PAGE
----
New backyard birdwatchers have many questions about the birds they see. We often start with how to distinguish one species from another, or how to tell the male from the female. One of the next big questions many ask is “where do birds sleep at night?” Most birds tend to sleep in the areas they inhabit during the day, but other factors also determine where they sleep.
Do Birds Sleep in Their Nests?
Pictures and cartoons often depict birds huddled within their nests sleeping. This is farthest from the truth. Birds will look for several places to sleep, including unoccupied birdhouses, gutters, chimneys, and tree cavities. The one place they do not sleep is the nest. Once the bird’s offspring have left the nest, it is often unsuitable for sleeping as it is usually coated with bits of food, feces, mites, and other debris. Additionally, after the vigorous work of nurturing and raising the hatchlings, the nest is often worn through and falling apart.
Birds of a Feather Sleep Together
One important factor that helps determine where birds sleep at night is the species of the bird itself. Smaller birds often choose to sleep on tree branches higher up on the trees, safe fro=m predators on the ground. But larger birds that are not able to land on tree branches—they’ll look for dense shrubbery to sleep in. This is true for birds in the ground-living family such as grouse, quail, partridges, and pheasants.
Birds in the passerine family (perching birds with one toe pointing backward and three toes pointing forward) usually sleep on tree branches. A tendon in the backs of their legs remains tight when their legs are bent, resulting in a curl in their toes that lets them grip their perch. This grip enables the bird to remain on their perch without falling off during sleep. Passerines tend to sleep in large flocks to share body heat, which greatly increases their chances of surviving nighttime temperatures. The most common species you might spot sleeping like this are cardinals, sparrows, and birds in the jay family.
See also: A 5 Step Plan for Nighttime Birdwatching
Weather and Changing Seasons
The change in seasons and accompanying weather conditions is another important factor that determines where birds sleep at night. Changes in seasons can also coincide with the life cycles of birds.
Breeding season is one life cycle that affects where birds sleep at night. Territorial Birds that may sleep with a community of birds during other times of the year, will become rigid in their desire to sleep in their territory or nest during breeding season. At the end of the breeding season, species that sleep in tree cavities, such as woodpeckers, will create a new sleeping cavity instead of returning to an older cavity from breeding season.
During harsh conditions, such as strong wind and rain, birds will sleep in a variety of places, like unoccupied birdhouses, tree cavities, chimneys, dense shrubbery, and any crevices where they will be sheltered until the storms pass.
Cold and snow affect where many species of birds sleep. For backyard birds like cardinals, wrens, nuthatches, and woodpeckers, the winter months can be challenging. A bird will fluff up its feathers to protect its vulnerable body parts. This creates insulating air pockets to retain body heat. Birds also tuck their feet and bill into their feathers for additional insulation. Tucked into the bird’s feathers, the bird’s bill breathes out air warmed by their body, continually keeping them warm and insulated from the cold.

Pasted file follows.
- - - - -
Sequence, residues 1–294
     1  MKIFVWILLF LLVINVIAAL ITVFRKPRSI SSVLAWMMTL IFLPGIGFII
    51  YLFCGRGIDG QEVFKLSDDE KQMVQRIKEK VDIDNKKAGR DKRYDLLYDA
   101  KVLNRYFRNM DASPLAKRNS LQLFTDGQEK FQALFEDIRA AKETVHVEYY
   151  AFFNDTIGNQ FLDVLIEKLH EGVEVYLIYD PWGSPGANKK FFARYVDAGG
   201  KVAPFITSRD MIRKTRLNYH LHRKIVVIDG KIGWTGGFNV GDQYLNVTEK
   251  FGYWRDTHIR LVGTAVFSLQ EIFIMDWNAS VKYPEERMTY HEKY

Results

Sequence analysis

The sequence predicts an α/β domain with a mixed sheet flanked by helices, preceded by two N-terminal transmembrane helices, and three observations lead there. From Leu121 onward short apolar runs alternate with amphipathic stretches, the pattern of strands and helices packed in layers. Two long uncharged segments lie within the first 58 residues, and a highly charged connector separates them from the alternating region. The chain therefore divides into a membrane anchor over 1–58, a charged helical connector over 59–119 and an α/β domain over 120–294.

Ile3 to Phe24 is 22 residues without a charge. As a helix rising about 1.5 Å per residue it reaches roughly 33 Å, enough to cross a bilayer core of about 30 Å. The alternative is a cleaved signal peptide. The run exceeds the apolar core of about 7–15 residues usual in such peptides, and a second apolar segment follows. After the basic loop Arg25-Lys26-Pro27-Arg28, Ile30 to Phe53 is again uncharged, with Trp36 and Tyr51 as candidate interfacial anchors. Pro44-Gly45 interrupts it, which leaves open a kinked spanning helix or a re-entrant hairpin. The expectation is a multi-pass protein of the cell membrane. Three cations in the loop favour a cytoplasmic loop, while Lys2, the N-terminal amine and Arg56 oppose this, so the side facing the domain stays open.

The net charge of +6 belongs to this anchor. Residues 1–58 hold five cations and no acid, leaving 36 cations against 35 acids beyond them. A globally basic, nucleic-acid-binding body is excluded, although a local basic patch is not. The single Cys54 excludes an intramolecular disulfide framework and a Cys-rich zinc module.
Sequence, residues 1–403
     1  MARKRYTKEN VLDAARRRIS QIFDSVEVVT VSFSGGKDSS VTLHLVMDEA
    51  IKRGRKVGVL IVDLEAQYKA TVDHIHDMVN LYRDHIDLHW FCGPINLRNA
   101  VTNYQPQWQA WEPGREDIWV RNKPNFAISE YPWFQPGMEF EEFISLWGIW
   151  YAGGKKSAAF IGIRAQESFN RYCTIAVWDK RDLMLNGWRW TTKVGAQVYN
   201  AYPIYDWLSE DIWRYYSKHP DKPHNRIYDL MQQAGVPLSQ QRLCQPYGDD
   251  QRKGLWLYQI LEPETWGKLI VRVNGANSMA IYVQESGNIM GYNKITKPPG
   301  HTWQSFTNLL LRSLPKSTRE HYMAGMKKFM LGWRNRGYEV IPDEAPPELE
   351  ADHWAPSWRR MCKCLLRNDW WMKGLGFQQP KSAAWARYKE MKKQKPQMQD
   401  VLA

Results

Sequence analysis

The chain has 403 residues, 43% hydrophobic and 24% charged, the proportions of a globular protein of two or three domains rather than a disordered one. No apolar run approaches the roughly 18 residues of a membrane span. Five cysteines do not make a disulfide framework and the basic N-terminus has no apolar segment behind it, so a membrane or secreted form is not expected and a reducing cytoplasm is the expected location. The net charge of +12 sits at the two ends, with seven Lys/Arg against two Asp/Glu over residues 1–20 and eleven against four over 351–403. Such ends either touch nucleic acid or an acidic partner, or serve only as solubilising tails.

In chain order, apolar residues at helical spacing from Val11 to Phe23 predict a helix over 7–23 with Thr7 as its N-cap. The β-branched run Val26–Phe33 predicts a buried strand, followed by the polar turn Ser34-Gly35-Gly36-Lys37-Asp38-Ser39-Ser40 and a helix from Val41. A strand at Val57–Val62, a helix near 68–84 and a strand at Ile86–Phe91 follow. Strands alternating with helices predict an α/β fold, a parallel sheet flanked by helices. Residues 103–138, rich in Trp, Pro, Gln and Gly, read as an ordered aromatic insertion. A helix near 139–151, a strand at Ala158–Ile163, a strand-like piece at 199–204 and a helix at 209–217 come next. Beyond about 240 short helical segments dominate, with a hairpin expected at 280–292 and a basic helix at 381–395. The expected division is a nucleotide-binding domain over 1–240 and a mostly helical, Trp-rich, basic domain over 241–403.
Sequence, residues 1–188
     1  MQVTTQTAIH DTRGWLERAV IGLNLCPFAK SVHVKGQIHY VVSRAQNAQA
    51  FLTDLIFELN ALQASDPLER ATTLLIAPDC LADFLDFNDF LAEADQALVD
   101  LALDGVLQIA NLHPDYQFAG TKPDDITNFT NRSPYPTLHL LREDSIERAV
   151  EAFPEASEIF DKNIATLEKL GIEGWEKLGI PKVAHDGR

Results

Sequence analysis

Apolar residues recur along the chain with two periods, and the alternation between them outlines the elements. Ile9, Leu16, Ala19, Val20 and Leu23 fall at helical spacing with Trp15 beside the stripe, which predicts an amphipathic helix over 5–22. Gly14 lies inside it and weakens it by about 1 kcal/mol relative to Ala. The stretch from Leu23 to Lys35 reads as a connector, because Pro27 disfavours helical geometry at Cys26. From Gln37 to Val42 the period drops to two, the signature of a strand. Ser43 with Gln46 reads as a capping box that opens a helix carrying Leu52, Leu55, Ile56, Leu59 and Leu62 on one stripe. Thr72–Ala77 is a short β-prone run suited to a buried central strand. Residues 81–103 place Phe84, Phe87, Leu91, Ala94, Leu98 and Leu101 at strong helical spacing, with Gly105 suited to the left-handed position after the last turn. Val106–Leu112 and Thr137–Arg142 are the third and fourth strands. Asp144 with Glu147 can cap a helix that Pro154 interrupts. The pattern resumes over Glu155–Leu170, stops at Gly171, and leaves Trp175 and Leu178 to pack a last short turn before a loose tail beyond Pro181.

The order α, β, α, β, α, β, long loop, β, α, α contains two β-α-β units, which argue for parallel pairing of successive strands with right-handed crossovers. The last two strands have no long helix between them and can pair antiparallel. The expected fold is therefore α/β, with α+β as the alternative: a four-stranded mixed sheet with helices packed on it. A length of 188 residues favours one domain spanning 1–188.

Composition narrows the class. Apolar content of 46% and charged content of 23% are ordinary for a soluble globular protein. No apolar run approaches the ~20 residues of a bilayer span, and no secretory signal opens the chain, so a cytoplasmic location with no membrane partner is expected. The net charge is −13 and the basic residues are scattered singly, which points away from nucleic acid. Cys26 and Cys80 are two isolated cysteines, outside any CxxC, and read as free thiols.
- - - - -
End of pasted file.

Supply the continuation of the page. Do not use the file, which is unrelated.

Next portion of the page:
Safety from Predators
The saying ‘sleeping with one eye open’ might originate from birds, as many birds do exactly that. Wherever they choose to sleep, birds are vulnerable to predators both on the ground and in the trees. Because of this, a lot of birds sleep for very short periods of time, aware of potential danger.
Birds can “turn off” one side of their brain for rest while keeping the other side turned on, remaining in a vigilant state during sleep. This ability is known as unihemispheric slow-wave (USW) sleep. Experts have determined that each eye is linked to one side of the brain, to the opposite side it is on. This enables them to literally rest the right side of the brain while the left eye is open and vice versa. While other animals can sleep this way, birds are the only animals that have control of this function. This unique feature is one of the bird’s greatest defenses during sleep.
Sleeping in flocks, also called roosting communally, offers birds greater safety while they sleep. With so many birds together, its likely more birds will notice an oncoming predator and alert other sleeping birds, giving each bird a better chance of surviving a potential attack.
How to Help Backyard Birds Get a Good Night’s Sleep
While some birds are nocturnal (and even sing at night), there are many species of birds that do sleep at night. You can help your backyard birds get a good night’s sleep with just a few steps:
- Set up a bird-friendly yard with sheltered areas for sleeping like native plants and roosting boxes. Clean out old birdhouses to attract birds as well.
- Keep birdhouses, roosting boxes, and feeders out of their reach from stray cats and camouflaged by native plants.
- Keep your birdfeeders filled with fatty food sources such as sunflower seeds, suet, millet, and nyjer seeds to help them build energy stores for inclement nights.
- Turn off any outdoor lighting in your yard so as not to disrupt their natural sleep patterns. Birds’ internal clocks follow the dark and light cycles, and your brightly lit yard might interfere with their sleep.
Learning how and where birds sleep is yet another fascinating subject for birdwatchers. Take a pair of binoculars and step out into your backyard tonight and see if you can spot a few of your backyard birds catching some Zs.